Besides, Saudi’s close aide and long-time ally, UAE, has successfully been spreading their message of positivity all over the world using football as a tool.

This is especially the case because the City’s owner, Sheikh Mansour bin Zayed al Nahyan, belongs to the royal family of Abu Dhabi. Together with Khaldoon al-Mubark, his youthful executive and advisor to royal family, he holds the key to delegate how the management works.

In fact, UAE doesn’t stop here, the Emirate has found its own City Football Group (CFG) and it owns or co-owns six clubs across four continents. The group, as reported by the Guardian, has contracted more than 240 male professionals, and two dozen women.

The UAE’s bridge to the West is exactly what the Kingdom aims at replicating by trying to reach Manchester United. Therefore, the probability of owning the club to promote the national image is still on the cards for them.

Conversely, Saudi-UAE have raged a war against humanity in Yemen, killing more than 10,000 people. Both nations have also continuously faced the heat over the detention of human right activists, and for barring people to express what’s right. However, big strides in the West aimed at fixing and building reputation is what the two gulf nations have continuously worked on.

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UK Outraged by Trump’s Threat of Releasing 800 ISIS Fighters

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trump

The US forces fighting in Syria captured some 800 ISIS fighters that it wants the EU to take into custody, not doing which will result in their release. The threat came from US President Donald Trump who has been exceptionally vocal about his views, even though bizarre, especially on Twitter. The threat has left most of the European officials angered while others, a bit confused in disappointment. The said reaction was witnessed recently at the Munich Security Conference, held in Germany. The event saw European officials and security experts outraging over Trump’s statement on releasing 800 ISIS fighters on EU’s failure in taking them back.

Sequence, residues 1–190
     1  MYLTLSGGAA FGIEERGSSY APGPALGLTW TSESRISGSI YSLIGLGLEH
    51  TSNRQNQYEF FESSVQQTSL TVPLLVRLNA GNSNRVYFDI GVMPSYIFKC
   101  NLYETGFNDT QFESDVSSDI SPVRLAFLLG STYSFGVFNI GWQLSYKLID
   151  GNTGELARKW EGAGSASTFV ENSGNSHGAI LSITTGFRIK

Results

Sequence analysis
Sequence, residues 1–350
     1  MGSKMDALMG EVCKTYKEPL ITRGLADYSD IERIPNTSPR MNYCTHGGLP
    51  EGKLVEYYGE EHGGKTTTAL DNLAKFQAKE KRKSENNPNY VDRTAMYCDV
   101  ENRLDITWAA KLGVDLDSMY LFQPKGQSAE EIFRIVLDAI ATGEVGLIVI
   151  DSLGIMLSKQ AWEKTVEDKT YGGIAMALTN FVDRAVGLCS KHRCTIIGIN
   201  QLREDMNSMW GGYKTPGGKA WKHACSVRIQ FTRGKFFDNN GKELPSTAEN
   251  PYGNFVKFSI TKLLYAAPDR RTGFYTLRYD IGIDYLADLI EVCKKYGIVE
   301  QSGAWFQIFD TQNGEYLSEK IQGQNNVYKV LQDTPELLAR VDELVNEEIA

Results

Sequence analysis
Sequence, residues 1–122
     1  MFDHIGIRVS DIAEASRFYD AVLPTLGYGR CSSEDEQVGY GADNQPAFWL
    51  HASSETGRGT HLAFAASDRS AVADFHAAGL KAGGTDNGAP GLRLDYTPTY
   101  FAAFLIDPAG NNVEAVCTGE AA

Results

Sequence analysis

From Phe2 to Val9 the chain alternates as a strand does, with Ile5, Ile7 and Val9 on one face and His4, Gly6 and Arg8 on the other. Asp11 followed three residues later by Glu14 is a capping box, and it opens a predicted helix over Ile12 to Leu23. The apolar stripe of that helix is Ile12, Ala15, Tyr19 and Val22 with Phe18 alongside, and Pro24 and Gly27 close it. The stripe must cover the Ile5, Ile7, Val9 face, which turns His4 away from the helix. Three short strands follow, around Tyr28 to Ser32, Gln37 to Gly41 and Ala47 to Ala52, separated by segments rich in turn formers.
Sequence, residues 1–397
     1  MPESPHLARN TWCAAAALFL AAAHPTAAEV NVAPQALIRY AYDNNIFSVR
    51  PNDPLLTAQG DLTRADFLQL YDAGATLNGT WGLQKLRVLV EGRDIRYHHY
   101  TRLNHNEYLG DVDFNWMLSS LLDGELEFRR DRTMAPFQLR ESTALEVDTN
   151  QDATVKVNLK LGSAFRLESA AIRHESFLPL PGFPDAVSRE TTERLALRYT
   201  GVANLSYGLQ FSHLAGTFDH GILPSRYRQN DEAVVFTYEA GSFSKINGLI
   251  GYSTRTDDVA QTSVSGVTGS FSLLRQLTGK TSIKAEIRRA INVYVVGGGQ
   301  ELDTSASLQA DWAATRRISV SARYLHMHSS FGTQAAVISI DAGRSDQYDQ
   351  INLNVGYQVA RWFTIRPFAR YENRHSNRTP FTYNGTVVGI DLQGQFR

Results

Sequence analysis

While other countries of the likes of France, have come forward with the solution of taking back their ex-Jihadists, UK, on the other hand has shown resistance. The UK government has especially expressed the confusion, keeping in mind the wives and children of the fighters who pose challenge in the decision making. Therefore, the government is now uncertain about releasing a final verdict on the fighters, whether or not to prosecute them.

Another option considered is to ensure stopping the fighters from carrying out any sort of terrorist activity in their home country. Meanwhile, another condition put forth by the UK government for taking back fighters is for them to get consular help in Turkey.

The tweet in question that is said to have started the entire issue read, “The United States is asking Britain, France, Germany and other European allies to take back over 800 Isis fighters that we captured in Syria and put them on trial. The Caliphate is ready to fall. The alternative is not a good one in that we will be forced to release them.”

Foreign Secretary of UK, Jeremy Hunt as said in one of his previous interviews to an Arab media that his government is not planning to send across anymore military forces to fight in Syria. However, Hunt also emphasized on the fact that he will entertain all of US’ request.

ISIS militants have been preventing 1000’s of civilians from leaving the region, according to a Syrian Defence Force spokesperson. Shamima Begum, 19, is the latest and amongst the three Briton schoolgirls who fled the UK in 2015, joining the ISIS. Shamima then reportedly fled the enclave and was found recently in the al-Hawl refugee camp. The remarks made by President Trump about releasing ISIS fighters came at the time of an enormous transatlantic squabble going on between the military and politicians about the withdrawal of 2,000 troops from the north-west Syrian region.